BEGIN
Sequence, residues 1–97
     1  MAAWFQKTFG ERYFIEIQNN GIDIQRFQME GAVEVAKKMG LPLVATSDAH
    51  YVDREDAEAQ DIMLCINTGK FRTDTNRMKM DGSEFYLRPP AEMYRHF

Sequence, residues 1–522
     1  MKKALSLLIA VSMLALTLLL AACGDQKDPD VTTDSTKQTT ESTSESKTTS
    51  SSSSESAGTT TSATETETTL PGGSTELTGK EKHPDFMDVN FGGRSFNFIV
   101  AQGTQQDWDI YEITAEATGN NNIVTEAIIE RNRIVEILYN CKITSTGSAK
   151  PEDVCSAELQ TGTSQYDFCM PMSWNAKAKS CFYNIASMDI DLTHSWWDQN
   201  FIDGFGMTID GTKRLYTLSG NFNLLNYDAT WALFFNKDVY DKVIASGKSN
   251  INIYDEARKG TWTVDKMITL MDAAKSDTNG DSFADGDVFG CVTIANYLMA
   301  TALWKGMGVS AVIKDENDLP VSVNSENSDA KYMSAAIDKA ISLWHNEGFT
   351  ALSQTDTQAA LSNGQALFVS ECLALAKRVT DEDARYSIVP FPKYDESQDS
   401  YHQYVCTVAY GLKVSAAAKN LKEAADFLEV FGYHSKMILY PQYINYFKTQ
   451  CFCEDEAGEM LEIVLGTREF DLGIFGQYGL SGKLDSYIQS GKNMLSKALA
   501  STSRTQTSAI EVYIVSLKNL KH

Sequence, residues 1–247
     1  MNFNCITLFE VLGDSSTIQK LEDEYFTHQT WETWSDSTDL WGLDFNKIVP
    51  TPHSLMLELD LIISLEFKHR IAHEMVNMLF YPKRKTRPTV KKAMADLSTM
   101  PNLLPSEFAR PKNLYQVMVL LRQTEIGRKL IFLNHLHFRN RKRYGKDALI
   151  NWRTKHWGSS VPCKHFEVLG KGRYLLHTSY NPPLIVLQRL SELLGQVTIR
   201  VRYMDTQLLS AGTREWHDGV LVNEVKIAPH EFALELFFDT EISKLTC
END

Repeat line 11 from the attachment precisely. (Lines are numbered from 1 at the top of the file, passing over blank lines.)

   301  TALWKGMGVS AVIKDENDLP VSVNSENSDA KYMSAAIDKA ISLWHNEGFT